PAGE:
Every cat owner has experienced it: Butt-in-the-face behavior might seem odd to us humans, but much like head butting and rubbing against you, your cat is communicating with you through these behaviors. If you want a better relationship with your cat, take the time to learn about how cats communicate. You may be missing so many examples of your cat showing you just how much she loves you.You're curled up on the couch when your kitty approaches, jumps on your lap, walks all over your body in search of a comfortable place to sit, and — inevitably — sticks its butt directly in your face. Why?
We’re humans, so we tend to analyze our pets’ behaviors as if they’re four-legged people. We’d probably never kick off an interpersonal interaction by shoving our butts into someone else’s personal space, but it’s not uncommon during cat conversations.If your cat is always sticking his butt in your face, it just means you've raised one sweet gentleman!Once they’re comfortable around one another, they’ll start smelling flanks. A raised tail and exposed nether region is the ultimate in intimate cat greetings. It’s the feline equivalent of a long hug among old friends. Consider a cat butt in your face a big hug from your kitty.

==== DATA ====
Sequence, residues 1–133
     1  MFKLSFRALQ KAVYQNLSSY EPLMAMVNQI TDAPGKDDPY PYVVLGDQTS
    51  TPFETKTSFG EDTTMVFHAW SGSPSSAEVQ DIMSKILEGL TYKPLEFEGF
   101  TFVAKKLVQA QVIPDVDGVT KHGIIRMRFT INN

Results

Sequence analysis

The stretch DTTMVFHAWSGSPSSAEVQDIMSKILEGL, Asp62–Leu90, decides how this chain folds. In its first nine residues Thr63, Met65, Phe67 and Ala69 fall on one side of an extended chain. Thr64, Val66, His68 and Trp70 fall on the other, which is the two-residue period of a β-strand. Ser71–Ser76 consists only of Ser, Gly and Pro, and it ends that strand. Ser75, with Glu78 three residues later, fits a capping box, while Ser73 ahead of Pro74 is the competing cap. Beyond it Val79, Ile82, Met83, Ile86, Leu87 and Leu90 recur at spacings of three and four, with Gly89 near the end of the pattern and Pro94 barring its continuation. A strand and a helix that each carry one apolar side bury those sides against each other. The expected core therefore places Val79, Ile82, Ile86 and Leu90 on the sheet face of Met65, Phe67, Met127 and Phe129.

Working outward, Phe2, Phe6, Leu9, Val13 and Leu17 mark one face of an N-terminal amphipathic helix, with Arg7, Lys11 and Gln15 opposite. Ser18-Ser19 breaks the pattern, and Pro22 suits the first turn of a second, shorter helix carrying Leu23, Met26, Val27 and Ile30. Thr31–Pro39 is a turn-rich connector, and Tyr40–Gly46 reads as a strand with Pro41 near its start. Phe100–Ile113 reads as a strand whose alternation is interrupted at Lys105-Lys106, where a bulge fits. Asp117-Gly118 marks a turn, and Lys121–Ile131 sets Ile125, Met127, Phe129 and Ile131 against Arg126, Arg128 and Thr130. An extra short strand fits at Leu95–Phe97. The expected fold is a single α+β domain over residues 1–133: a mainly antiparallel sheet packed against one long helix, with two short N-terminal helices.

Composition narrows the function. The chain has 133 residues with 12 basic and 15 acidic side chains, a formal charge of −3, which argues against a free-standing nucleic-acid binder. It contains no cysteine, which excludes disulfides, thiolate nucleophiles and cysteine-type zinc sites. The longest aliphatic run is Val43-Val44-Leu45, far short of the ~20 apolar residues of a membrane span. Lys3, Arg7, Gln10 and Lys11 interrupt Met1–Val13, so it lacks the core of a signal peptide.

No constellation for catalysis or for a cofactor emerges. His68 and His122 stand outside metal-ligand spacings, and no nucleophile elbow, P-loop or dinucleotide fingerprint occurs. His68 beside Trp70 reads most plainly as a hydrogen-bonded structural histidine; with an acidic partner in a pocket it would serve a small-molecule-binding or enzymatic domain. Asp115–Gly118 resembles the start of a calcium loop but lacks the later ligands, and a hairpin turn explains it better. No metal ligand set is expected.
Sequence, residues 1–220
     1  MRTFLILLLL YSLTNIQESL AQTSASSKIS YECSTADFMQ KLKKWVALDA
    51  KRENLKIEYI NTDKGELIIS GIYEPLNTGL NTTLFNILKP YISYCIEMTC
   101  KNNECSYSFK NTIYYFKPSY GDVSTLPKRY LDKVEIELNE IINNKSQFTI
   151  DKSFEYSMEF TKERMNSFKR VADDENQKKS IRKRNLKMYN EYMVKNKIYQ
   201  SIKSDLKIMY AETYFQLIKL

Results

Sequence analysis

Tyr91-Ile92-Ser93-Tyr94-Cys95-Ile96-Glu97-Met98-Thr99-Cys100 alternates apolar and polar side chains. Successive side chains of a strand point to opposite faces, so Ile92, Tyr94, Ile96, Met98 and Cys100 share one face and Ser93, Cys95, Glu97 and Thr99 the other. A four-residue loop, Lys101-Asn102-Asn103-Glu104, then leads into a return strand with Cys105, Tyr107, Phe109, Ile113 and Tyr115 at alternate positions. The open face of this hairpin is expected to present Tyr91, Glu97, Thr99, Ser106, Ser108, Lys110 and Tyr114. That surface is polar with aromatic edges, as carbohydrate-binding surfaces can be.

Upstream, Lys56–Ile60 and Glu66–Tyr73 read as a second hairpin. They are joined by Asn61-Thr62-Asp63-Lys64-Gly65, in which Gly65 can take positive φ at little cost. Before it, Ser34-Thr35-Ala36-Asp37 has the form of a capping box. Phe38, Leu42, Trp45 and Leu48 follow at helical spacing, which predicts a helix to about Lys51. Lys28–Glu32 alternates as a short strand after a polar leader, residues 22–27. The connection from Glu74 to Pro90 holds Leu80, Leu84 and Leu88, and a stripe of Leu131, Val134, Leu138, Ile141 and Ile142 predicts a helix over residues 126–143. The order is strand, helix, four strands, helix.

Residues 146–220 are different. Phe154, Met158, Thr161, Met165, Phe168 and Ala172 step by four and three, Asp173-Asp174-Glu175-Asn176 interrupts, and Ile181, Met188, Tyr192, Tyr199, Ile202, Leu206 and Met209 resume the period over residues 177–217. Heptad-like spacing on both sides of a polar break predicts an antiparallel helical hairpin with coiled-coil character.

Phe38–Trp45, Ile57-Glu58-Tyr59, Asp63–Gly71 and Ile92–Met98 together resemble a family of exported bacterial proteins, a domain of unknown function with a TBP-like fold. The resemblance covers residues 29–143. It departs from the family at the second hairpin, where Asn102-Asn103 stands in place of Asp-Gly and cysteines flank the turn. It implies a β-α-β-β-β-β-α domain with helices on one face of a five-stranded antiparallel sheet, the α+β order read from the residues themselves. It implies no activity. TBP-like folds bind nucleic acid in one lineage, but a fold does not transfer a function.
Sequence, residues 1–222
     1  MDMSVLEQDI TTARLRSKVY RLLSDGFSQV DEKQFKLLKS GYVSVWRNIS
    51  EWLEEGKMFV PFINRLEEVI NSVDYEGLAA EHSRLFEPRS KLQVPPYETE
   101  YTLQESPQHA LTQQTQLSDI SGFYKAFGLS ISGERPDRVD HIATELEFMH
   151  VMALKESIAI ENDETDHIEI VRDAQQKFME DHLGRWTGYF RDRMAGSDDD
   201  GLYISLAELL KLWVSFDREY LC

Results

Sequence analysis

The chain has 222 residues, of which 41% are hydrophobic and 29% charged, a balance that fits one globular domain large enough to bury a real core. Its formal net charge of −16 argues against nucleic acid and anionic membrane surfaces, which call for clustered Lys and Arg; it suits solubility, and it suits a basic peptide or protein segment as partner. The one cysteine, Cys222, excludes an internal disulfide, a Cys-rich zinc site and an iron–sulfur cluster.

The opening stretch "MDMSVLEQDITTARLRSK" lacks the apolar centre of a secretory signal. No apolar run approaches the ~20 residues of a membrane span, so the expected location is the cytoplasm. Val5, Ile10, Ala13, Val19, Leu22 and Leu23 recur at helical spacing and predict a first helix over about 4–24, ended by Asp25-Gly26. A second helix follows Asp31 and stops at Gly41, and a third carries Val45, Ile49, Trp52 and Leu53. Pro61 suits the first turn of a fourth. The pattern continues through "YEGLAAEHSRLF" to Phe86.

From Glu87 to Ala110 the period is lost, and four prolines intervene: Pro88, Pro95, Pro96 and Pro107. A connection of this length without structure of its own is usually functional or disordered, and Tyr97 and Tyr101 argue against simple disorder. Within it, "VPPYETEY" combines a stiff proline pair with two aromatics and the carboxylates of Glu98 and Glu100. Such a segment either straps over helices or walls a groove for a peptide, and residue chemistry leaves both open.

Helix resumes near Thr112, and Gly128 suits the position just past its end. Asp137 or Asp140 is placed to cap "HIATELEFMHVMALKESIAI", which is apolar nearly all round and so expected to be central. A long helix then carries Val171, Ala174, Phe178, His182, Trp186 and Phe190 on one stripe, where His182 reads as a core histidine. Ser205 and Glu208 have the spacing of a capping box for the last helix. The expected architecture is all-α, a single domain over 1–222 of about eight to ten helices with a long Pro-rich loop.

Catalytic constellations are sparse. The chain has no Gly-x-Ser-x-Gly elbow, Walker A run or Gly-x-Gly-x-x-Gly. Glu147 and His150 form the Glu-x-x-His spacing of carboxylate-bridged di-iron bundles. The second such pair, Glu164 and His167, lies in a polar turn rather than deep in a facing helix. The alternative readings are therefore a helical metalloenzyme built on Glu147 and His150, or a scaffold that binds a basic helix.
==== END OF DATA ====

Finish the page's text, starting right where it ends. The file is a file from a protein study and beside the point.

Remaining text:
A raised tail tells other felines that a cat isn’t a threat. In fact, cats are more likely to approach a cat with a raised tail than with one with a horizontally positioned tail.When your cat sticks her butt in your face, she’s basically telling you that she’s your BFF, not an enemy.In the wild, cats are always alert, watching over their territory for potential prey or a potential threat. When cats are in a safe place with those they trust, they tend to close their eyes and might even turn their back to you—the ultimate sign of trust.
Cats will communicate with one another mainly through smell. Your cat may be trying to do the same with you. If your cat puts her butt in your face, she may be trying to tell you inside information about her health, gender, and age. Cats have sensitive glands all over their bodies, and the glands located under her tail can tell another cat (or you) about her health statistics.
Your cat may be sticking her butt in your face as a sign of love and affection. This behavior is deeply rooted and comes from mother cats cleaning their kittens everywhere, including under their tails.
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*We hope to give you better ideas for your pet, but this information is not meant to be a substitute for veterinary care. Always follow the instructions provided by your veterinarian. If your pet feels bad, please take it to the veterinarian in time.